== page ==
New Insight into Earth’s Early Bombardment

New Insight into Earth’s Early Bombardment
A breccia lunar rock sample collected from North Ray crater during the Apollo 16 mission. (Image credit: NASA)

New dating of lunar rocks add to a growing body of evidence that the Moon and Earth were pelted by a flurry of large meteorites during a relatively brief geologic time span about 3.9 billion years ago.

Known as the "Late Heavy Bombardment," or LHB, this period of heightened meteorite activity would have had important implications for life on Earth, since it coincides roughly with the time that scientists think the first primitive bacteria appeared on our planet.

Researchers examined about 50 different melted rock samples collected by astronauts during the Apollo missions in the late 1960s and 1970s. Using radiometric dating techniques, they found that all but a few of the rocks were between 3.8 and 4 billion years old. Earth itself is about 4.5 billion years old.

Furthermore, many of the samples displayed different chemical "fingerprints," which suggests that they were formed from different meteorites and lunar rocks.

"The evidence is clear that there was repeated bombardment by meteorites," said study team member Robert Duncan from Oregon State University.

The NASA-funded study will be published in Geochimica et Cosmochimica Acta, the journal of the international Meteoritical Society.

Meteorites affected Earth as well

All you have to do is look at the Moon to see that it has been hit hard. All the craters are a record of past impacts, and unless obliterated by a subsequent larger impact, the craters remain relatively intact because the Moon has no air to weather them and little internal activity like the volcanoes and earthquakes that constantly remake our planet.

Any meteorite activity that affected the Moon probably affected Earth as well, scientists say. But terrestrial evidence for the LHB is scarce.

"Unfortunately, we haven't found many very old rocks on Earth because our planet's surface is constantly renewed by plate tectonics, coupled with erosion," Duncan said.

In 2002, however researchers discovered in sedimentary rocks a version of the element tungsten in amounts not normally found on Earth. The tungsten is believed to be of extraterrestrial origin and was estimated to about 3.7 billion years old or older.

Implications for life

If the pockmarked surface of the Moon is any indication, early Earth was pelted by a fairly steady stream of meteorites--some as big as 6 miles or more across--for about 100 million years.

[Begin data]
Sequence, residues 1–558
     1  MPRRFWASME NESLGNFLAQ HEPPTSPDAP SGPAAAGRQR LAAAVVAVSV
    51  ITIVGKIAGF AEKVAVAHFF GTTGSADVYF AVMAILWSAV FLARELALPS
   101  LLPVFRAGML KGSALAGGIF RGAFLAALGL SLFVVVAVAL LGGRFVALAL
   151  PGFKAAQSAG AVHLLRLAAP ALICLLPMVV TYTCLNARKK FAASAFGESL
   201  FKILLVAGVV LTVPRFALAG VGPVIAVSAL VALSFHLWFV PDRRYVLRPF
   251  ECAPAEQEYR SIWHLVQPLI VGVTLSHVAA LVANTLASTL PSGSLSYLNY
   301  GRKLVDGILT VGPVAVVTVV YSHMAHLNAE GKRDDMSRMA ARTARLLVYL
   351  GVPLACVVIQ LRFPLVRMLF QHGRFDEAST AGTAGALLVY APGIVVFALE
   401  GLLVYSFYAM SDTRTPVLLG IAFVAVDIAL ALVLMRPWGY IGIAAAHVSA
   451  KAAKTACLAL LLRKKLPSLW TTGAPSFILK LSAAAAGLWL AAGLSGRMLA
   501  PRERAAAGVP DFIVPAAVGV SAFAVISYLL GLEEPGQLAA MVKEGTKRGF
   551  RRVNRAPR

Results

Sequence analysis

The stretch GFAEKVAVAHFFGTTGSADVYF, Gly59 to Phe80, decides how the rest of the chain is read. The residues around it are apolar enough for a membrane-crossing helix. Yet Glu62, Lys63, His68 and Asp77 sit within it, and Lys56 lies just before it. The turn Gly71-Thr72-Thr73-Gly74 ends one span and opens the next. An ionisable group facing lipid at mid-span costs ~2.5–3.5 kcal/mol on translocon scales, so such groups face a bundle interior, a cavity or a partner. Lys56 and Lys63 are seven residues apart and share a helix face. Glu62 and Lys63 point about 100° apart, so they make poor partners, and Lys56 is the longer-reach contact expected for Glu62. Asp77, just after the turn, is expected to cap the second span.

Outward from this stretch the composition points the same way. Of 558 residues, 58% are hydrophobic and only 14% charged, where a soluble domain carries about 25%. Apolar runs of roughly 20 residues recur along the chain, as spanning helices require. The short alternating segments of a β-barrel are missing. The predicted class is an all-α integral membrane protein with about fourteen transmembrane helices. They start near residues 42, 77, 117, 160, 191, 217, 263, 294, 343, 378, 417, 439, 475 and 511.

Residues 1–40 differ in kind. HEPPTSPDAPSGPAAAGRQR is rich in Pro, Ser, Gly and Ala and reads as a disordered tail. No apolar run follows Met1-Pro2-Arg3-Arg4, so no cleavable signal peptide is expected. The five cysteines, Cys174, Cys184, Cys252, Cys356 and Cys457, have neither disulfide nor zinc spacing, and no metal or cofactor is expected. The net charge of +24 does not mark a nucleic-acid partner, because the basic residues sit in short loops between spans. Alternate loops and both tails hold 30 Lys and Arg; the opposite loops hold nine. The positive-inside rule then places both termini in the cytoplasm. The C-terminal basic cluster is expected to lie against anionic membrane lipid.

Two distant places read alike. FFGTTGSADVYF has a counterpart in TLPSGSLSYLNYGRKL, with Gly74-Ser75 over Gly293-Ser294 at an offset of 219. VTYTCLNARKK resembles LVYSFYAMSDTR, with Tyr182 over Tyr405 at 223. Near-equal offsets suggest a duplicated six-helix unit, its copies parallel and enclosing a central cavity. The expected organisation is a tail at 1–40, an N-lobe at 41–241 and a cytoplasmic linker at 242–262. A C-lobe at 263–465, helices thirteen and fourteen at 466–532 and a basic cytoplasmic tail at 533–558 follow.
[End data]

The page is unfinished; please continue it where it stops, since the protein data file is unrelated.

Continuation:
Any life that was present or developing on Earth at the time would have been in constant peril of being blasted out of existence.

It's possible that life emerged only after the bombardments slackened, or if it began earlier, it might have been disrupted or even reset by the intense hail of meteorites.

"Life might have taken refuge if it burrowed down into cracks or crevices or was at the bottom of the ocean," Duncan told "But Earth would have been a miserable place to be alive. The Moon was bombarded pretty uniformly by this process, and it's hard to imagine that life, if it was established before this time [on Earth], could have survived through."

Another intriguing possibility, say Duncan and others, is that rather than being vehicles of death and destruction, meteorites carried life, or molecules important for the emergence of life, to Earth.

Origins still mysterious

The cause of the LHB remains shrouded in mystery, but scientists have come up with creative explanations for what the triggering event might have been.

"We may have had a 10th and 11th planet that collided," Duncan said. "It's also possible that the outward migration of Neptune scattered comets and small planet bodies, inducing collisions in the asteroid belt. The close passing of a neighboring star could have had a similar effect."

Other scientists have speculated that the disruptive hijinks of a fifth terrestrial world called "Planet V" was responsible. This hypothetical planet is speculated to have formed alongside Mercury, Venus, Earth and Mars but then swallowed up long ago by the Sun.

Before it was destroyed, however, Planet V might have perturbed the inner asteroid belt between Mars and Jupiter because of its highly eccentric orbit. This could have caused a spike in the number of objects crossing the path of Earth and the Moon, the theory goes.

Another wild idea is that roughly 4 billion years ago, the orbits of Jupiter and Saturn entered into a synchronous resonance that threw off the orbits of the other planets and planet embryos, called "planetesimals," creating a temporary state of chaos within the inner solar system.

All of these scenarios are still highly speculative, however.

  • Long-Destroyed Fifth Planet May Have Caused Lunar Cataclysm, Researchers Say
  • Catastrophe, Mother of Evolution: How Life Survived Early Bombardment of Asteroids and Comets
  • Evidence for Ancient Bombardment of Earth
  • Moon Holds Earth's Ancient Secrets

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Staff Writer

Ker Than is a science writer and children's book author who joined as a Staff Writer from 2005 to 2007. Ker covered astronomy and human spaceflight while at, including space shuttle launches, and has authored three science books for kids about earthquakes, stars and black holes. Ker's work has also appeared in National Geographic, Nature News, New Scientist and Sky & Telescope, among others. He earned a bachelor's degree in biology from UC Irvine and a master's degree in science journalism from New York University. Ker is currently the Director of Science Communications at Stanford University.